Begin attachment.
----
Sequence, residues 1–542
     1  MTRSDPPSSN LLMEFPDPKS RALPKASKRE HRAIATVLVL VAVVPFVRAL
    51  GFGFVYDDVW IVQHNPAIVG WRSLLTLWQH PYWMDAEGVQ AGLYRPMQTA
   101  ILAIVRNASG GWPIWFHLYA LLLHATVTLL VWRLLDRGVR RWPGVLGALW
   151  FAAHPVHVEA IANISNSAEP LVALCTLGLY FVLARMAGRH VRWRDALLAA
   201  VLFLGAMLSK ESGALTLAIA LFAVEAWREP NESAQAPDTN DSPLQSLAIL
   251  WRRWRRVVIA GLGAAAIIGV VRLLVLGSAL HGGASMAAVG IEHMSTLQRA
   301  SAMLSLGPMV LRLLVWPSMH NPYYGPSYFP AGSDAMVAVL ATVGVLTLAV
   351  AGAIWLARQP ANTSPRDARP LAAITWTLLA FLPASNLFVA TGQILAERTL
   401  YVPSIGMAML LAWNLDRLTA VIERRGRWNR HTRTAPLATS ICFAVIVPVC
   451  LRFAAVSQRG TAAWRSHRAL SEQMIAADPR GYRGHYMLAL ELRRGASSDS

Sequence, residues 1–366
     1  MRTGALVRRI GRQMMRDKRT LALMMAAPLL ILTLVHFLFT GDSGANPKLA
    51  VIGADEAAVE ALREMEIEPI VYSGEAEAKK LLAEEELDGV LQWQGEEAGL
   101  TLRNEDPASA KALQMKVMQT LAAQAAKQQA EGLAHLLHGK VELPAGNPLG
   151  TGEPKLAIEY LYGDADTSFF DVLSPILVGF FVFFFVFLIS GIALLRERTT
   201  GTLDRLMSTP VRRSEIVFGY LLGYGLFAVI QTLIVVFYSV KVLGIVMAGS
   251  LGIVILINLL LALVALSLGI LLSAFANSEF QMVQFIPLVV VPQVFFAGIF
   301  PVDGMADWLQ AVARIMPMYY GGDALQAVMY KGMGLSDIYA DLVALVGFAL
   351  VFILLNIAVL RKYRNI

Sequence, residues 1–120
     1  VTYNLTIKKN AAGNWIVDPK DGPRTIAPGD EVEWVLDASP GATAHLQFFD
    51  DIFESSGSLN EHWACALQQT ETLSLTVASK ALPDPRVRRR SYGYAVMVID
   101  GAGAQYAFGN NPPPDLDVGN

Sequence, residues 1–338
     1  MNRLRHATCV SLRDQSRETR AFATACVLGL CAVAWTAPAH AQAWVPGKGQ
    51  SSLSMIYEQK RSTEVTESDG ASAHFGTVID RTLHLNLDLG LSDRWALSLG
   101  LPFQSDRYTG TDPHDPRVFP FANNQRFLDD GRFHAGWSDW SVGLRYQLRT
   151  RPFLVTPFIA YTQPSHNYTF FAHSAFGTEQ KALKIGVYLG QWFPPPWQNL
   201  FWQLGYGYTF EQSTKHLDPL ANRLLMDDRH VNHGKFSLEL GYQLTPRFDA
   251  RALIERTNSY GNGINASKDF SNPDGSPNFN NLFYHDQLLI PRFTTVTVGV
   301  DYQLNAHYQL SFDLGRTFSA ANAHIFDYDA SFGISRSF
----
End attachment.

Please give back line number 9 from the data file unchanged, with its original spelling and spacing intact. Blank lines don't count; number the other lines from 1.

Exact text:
   351  AGAIWLARQP ANTSPRDARP LAAITWTLLA FLPASNLFVA TGQILAERTL